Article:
The prairie of Alberta has provided an excellent opportunity for the British Army to train on a large scale since 1972. The British Army Training Unit Suffield (BATUS) is an organisation situated on one of the most sparsely populated areas of the plain.
BATUS is equipped with in excess of 1000 vehicles including a full complement of Challenger 2 tanks and Warrior Infantry Fighting Vehicles.
More than 400 permanent staff and 1000 temporary deployed staff provide highly demanding combined arms manoeuvre training for the armoured forces of the British Army and our allies.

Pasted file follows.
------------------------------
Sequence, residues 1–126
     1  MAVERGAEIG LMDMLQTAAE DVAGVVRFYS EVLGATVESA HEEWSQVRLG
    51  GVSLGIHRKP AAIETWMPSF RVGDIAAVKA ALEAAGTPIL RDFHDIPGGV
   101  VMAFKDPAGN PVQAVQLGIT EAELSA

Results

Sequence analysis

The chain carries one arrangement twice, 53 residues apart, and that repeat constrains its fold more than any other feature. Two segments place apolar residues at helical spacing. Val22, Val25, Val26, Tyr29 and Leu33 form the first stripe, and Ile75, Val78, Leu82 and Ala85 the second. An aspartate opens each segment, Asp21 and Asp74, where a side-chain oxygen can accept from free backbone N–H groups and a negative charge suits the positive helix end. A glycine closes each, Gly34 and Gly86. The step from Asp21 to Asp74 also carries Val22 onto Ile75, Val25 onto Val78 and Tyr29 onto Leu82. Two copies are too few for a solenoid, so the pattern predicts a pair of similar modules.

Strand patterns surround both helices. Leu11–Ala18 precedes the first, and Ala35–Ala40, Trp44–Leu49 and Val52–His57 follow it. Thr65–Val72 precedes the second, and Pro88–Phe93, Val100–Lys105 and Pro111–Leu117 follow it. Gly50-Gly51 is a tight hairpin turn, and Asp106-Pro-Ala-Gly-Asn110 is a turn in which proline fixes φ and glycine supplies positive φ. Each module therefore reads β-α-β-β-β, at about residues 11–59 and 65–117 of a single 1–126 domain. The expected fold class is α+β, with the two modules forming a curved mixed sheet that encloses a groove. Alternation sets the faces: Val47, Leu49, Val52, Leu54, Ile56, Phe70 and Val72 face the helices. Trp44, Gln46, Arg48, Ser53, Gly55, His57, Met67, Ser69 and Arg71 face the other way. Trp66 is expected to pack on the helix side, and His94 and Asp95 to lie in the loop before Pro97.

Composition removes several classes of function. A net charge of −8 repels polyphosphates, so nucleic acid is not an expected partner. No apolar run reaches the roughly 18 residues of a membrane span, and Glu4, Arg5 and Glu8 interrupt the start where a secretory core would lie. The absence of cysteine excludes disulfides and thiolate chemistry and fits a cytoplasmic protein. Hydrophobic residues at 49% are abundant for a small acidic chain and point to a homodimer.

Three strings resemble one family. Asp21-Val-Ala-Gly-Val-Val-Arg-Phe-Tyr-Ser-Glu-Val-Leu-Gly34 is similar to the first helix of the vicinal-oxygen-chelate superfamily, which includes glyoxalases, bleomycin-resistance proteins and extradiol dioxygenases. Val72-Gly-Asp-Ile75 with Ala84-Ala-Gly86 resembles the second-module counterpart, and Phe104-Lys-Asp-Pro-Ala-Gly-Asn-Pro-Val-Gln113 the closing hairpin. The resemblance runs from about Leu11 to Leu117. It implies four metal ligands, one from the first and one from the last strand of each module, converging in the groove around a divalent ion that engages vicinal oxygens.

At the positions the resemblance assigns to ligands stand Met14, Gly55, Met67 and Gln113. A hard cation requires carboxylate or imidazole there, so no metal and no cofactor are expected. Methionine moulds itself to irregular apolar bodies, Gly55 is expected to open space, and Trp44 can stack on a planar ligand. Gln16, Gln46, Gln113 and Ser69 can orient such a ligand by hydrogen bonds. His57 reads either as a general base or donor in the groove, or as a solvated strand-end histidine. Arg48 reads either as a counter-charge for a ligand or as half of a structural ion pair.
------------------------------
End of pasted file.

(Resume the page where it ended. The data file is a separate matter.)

The training area at BATUS is the size of Wales. Armoured battlegroups, each containing approximately 1400 soldiers, conduct live firing and manoeuvred exercises at BATUS each year.
The training exercises, which run for about 30 days, are split into two phases - Live Fire and Tactical Effects Simulation (TESEX), then a second phase with a live enemy.
The TESEX system identifies when vehicles have been fired at and damaged or destroyed and also informs soldiers when they are being fired at and if hit what injuries they have sustained.
The duration of the exercises, and size of the training area, allow all elements of a combined arms battle group - infantry, armour, artillery, engineers, air defence, logistics and equipment support - to conduct realistic live firing training at all levels and to practice sustaining this activity over a long period of time.